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Call Off the Dog(ma): M1/M2 Polarization Is Concurrent following Traumatic Brain Injury

  • Josh M. Morganti,

    Affiliations Brain and Spinal Injury Center, University of California San Francisco, San Francisco, CA, United States of America, Departments of Physical Therapy and Rehabilitation Science, University of California San Francisco, San Francisco, CA, United States of America

  • Lara-Kirstie Riparip,

    Affiliations Brain and Spinal Injury Center, University of California San Francisco, San Francisco, CA, United States of America, Departments of Physical Therapy and Rehabilitation Science, University of California San Francisco, San Francisco, CA, United States of America

  • Susanna Rosi

    susanna.rosi@ucsf.edu

    Affiliations Brain and Spinal Injury Center, University of California San Francisco, San Francisco, CA, United States of America, Departments of Physical Therapy and Rehabilitation Science, University of California San Francisco, San Francisco, CA, United States of America, Neurological Surgery, University of California San Francisco, San Francisco, CA, United States of America

Call Off the Dog(ma): M1/M2 Polarization Is Concurrent following Traumatic Brain Injury

  • Josh M. Morganti, 
  • Lara-Kirstie Riparip, 
  • Susanna Rosi
PLOS
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Abstract

Following the primary mechanical impact, traumatic brain injury (TBI) induces the simultaneous production of a variety of pro- and anti-inflammatory molecular mediators. Given the variety of cell types and their requisite expression of cognate receptors this creates a highly complex inflammatory milieu. Increasingly in neurotrauma research there has been an effort to define injury-induced inflammatory responses within the context of in vitro defined macrophage polarization phenotypes, known as “M1” and “M2”. Herein, we expand upon our previous work in a rodent model of TBI to show that the categorization of inflammatory response cannot be so easily delineated using this nomenclature. Specifically, we show that TBI elicited a wide spectrum of concurrent expression responses within both pro- and anti-inflammatory arms. Moreover, we show that the cells principally responsible for the production of these inflammatory mediators, microglia/macrophages, simultaneously express both “M1” and “M2” phenotypic markers. Overall, these data align with recent reports suggesting that microglia/macrophages cannot adequately switch to a polarized “M1-only” or “M2-only” phenotype, but display a mixed phenotype due to the complex signaling events surrounding them.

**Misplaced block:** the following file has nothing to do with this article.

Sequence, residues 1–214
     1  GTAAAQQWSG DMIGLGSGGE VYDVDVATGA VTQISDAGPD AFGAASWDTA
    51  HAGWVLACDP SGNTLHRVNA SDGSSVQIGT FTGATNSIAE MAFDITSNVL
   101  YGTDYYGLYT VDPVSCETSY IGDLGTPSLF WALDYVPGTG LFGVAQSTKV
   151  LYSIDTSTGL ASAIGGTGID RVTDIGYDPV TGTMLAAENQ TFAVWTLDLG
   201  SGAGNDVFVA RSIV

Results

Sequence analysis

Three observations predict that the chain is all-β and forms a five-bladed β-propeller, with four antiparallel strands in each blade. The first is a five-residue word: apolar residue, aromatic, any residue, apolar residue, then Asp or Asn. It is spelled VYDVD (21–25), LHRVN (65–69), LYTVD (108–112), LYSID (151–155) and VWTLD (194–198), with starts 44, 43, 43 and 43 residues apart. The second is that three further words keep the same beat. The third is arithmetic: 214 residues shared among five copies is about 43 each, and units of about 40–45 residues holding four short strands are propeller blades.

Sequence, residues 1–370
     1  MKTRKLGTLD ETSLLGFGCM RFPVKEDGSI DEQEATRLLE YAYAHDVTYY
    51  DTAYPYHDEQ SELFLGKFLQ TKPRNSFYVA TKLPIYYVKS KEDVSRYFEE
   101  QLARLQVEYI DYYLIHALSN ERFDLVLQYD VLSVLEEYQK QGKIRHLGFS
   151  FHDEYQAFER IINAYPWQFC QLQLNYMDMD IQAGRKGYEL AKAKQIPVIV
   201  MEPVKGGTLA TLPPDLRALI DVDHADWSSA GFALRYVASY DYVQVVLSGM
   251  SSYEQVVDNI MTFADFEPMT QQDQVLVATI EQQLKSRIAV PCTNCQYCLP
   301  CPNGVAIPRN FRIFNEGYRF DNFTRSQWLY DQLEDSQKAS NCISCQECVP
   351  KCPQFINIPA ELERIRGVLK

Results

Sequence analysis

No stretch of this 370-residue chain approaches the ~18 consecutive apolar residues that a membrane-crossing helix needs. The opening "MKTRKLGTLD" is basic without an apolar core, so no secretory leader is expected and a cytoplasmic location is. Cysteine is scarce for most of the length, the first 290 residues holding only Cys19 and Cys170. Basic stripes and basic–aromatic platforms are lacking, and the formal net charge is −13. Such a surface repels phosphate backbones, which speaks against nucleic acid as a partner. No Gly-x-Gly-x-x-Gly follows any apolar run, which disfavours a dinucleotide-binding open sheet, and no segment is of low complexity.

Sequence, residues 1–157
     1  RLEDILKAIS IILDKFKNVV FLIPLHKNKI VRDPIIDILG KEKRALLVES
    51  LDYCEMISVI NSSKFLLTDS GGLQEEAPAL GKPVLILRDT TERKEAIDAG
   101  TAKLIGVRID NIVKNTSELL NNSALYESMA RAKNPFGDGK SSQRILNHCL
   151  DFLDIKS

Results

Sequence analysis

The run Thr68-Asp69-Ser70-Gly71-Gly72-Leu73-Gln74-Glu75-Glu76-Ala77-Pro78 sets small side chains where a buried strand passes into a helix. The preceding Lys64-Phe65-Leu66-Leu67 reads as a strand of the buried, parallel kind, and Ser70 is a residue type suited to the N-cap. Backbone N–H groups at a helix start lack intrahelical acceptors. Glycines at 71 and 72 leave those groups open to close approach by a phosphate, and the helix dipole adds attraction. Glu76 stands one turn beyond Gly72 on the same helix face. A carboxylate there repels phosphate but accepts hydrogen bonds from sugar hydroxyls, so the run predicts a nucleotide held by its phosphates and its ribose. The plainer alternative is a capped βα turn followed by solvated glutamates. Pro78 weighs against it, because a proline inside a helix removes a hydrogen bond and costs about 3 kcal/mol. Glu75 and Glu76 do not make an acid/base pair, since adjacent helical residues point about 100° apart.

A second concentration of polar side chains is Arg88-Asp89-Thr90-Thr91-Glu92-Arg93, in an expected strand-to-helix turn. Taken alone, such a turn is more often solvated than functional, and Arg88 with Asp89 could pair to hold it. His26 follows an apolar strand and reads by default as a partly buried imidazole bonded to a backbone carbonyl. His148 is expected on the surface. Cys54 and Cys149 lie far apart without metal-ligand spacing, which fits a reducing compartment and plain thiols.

Introduction

Consistently, neuroinflammation is an axiomatic physiological response following traumatic brain injury (TBI). This response is propagated by a variety of cells types in the injured brain via upregulation and release of soluble cellular constituents to the surrounding parenchyma [1, 2]. Principally, these constituents are produced by CNS-resident microglia as well as astrocytes, which perpetuate the activation of the innate immune response in the injured brain [3]. By nature this networked response is inherently complex given the multitude of factors and cognate receptors involved, however much attention and research has been devoted to defining this complex inflammatory response within the dichotomous and linear constraints of ‘M1’ versus ‘M2’ innate polarization phenotypes. Innate immune polarization was originally described using in vitro examinations of the differential effects of singular stimuli (e.g. LPS, IL-4, IFN) on macrophage gene expression [4]. The “M1/M2” nomenclature was later derived [5], and then expanded into several subgroups [69] to accommodate for an ever-increasing spectrum of stimuli and subsequent gene expression responses of in vitro macrophages. Altogether, this was an effort to group tissue macrophage response akin to the synchronized responses of polarized lymphocytes [5]. Ultimately, gene profiling techniques have recently elucidated that the stabile polarization states formed by lymphocytes [10] do not map sufficiently to macrophages, which are distinctly plastic by comparison [1114]. More recently, a review by Martinez and Gordon [15] recapitulated these findings suggesting, in vivo, that the inflammatory milieu present in disease or injury requires these cells to react to a variety of stimuli simultaneously, shaping their responses in complex and perhaps mixed phenotypes.